Neighbors erupt over transition home in Corona

Neighbors and tenants both complained about two buildings on 112th Street in Corona currently being used as transitional housing for the formerly homeless.
By Jeremy Walsh

A pair of apartment buildings in Corona were again the focus of public ire as neighbors and tenants came together to denounce conditions in what has become a transitional housing complex despite previous community resistance to its use as a homeless shelter.

The buildings at 38-01 and 38-09 112th St. are owned by CI House LLC and contain 72 apartments. Currently some of those units are being used to house people in the city’s Advantage NY program, which provides rental assistance to families in need. The facility is not a homeless shelter, the city Department of Homeless Services said.

State Assemblyman Jose Peralta (D-Jackson Heights) said his office has received numerous complaints since the Advantage NY tenants moved in last November, including reports of loud music, public urination, loitering, loose syringes in the street, public drunkenness and illegal barbecuing in front of the buildings.

Peralta organized a town hall meeting last Thursday to try to resolve the issue.

“I thought it was a productive meeting,” he said. “I’m hoping that now, instead of walking by each other without saying a word, now they will actually develop a relationship where they both understand that they have a vested interest in improving the quality of life of the area.”

The long-term tenants of the building are also irked at the landlord for what they said was neglect of serious problems inside the building.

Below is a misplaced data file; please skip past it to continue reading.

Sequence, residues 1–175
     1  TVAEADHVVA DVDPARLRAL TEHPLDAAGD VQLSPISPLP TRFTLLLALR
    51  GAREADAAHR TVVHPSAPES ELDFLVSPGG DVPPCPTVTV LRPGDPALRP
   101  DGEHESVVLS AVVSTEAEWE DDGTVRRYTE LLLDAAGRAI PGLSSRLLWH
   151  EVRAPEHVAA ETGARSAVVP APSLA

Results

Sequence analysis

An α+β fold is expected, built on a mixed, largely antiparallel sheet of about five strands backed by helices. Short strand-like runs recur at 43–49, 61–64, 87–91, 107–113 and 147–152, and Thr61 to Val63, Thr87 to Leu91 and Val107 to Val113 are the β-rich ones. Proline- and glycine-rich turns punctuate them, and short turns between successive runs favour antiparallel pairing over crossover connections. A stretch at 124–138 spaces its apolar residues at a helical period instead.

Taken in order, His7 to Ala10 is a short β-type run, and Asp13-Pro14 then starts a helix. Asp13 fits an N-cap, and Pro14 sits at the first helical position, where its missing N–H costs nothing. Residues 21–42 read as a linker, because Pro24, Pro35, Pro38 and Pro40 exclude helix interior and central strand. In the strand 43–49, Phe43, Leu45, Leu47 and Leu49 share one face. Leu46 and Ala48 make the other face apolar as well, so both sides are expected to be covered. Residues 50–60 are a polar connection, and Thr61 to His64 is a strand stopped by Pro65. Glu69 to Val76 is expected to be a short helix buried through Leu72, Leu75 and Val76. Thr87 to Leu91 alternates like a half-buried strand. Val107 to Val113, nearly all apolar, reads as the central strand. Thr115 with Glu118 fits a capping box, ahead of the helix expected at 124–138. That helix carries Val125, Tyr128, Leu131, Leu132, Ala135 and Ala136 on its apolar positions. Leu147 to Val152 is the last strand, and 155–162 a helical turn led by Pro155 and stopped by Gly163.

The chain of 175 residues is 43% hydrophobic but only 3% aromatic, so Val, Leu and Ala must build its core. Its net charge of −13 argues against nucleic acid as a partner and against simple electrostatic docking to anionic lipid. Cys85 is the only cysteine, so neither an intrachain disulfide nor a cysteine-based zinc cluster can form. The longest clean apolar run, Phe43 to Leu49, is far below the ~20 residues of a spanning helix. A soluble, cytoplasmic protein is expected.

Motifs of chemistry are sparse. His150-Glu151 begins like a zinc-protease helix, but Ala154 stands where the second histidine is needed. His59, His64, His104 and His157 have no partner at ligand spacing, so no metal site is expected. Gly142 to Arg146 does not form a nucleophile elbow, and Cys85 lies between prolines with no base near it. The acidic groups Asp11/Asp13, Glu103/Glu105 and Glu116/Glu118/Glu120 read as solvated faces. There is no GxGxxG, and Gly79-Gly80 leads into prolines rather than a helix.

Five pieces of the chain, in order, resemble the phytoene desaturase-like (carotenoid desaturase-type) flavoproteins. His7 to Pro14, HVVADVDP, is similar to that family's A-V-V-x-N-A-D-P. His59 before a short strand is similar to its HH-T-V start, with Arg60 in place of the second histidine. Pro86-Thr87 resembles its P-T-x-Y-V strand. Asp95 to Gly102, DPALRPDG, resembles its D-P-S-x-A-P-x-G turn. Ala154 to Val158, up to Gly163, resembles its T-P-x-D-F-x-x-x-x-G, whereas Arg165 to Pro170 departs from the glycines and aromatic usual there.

“The plumbing in the building is bad,” said Advantage NY tenant Michelle Rodriguez, whose husband is suffering from severe respiratory problems. “My apartment for some reason has leaked behind the wall. They keep fixing it and it keeps messing up. There’s mold in the other building.”

Joel Goldstein, the managing agent for the building, said after meeting with the community last week, CI House has pledged to place a 24-hour superintendent at the property, install security cameras and allow the 115th Precinct to conduct periodic checks of the buildings.

“We’re probably going out there tomorrow or the next day, and we’ll address all the necessary issues,” he said of tenants’ complaints. No other changes were planned for the buildings, he said.

Rodriguez was skeptical of the landlord’s claims.

“I just don’t know,” she said. “The landlord says in two to three weeks the apartments will be repaired, but I don’t believe him. I’ve asked him a hundred times to move my husband, to fix the leak, and they always have some excuse.”

CI House has been the focus of anger from neighbors since 2007, when it evicted 74 families from rent-stabilized apartments in the buildings in order to open a homeless shelter. After a community meeting that fall, billionaire Carl Icahn, founder of the nonprofit, agreed not to do business with the owners of CI House.

In 2008, the group attempted to open a rehabilitation shelter at the same location with an organization called Urban Pathways. That effort was also unsuccessful due to resistance from elected officials and neighbors.

Reach reporter Jeremy Walsh by e-mail at jewalsh@cnglocal.com or by phone at 718-229-0300, Ext. 154.

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